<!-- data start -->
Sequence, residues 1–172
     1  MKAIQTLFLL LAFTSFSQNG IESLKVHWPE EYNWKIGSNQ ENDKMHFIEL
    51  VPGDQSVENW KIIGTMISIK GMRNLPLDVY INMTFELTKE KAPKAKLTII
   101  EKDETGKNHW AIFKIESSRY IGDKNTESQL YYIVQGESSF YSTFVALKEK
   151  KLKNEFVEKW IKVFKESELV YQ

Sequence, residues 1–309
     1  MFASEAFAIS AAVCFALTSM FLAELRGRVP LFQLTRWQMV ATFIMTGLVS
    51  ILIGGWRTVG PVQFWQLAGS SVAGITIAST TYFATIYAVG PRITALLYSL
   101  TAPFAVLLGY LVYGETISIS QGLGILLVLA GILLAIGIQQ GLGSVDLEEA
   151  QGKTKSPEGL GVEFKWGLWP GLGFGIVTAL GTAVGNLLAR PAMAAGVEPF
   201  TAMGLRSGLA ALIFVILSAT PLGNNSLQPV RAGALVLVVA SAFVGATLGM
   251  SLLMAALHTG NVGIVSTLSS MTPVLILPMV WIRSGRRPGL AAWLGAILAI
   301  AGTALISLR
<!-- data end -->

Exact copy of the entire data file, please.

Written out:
Sequence, residues 1–172
     1  MKAIQTLFLL LAFTSFSQNG IESLKVHWPE EYNWKIGSNQ ENDKMHFIEL
    51  VPGDQSVENW KIIGTMISIK GMRNLPLDVY INMTFELTKE KAPKAKLTII
   101  EKDETGKNHW AIFKIESSRY IGDKNTESQL YYIVQGESSF YSTFVALKEK
   151  KLKNEFVEKW IKVFKESELV YQ

Sequence, residues 1–309
     1  MFASEAFAIS AAVCFALTSM FLAELRGRVP LFQLTRWQMV ATFIMTGLVS
    51  ILIGGWRTVG PVQFWQLAGS SVAGITIAST TYFATIYAVG PRITALLYSL
   101  TAPFAVLLGY LVYGETISIS QGLGILLVLA GILLAIGIQQ GLGSVDLEEA
   151  QGKTKSPEGL GVEFKWGLWP GLGFGIVTAL GTAVGNLLAR PAMAAGVEPF
   201  TAMGLRSGLA ALIFVILSAT PLGNNSLQPV RAGALVLVVA SAFVGATLGM
   251  SLLMAALHTG NVGIVSTLSS MTPVLILPMV WIRSGRRPGL AAWLGAILAI
   301  AGTALISLR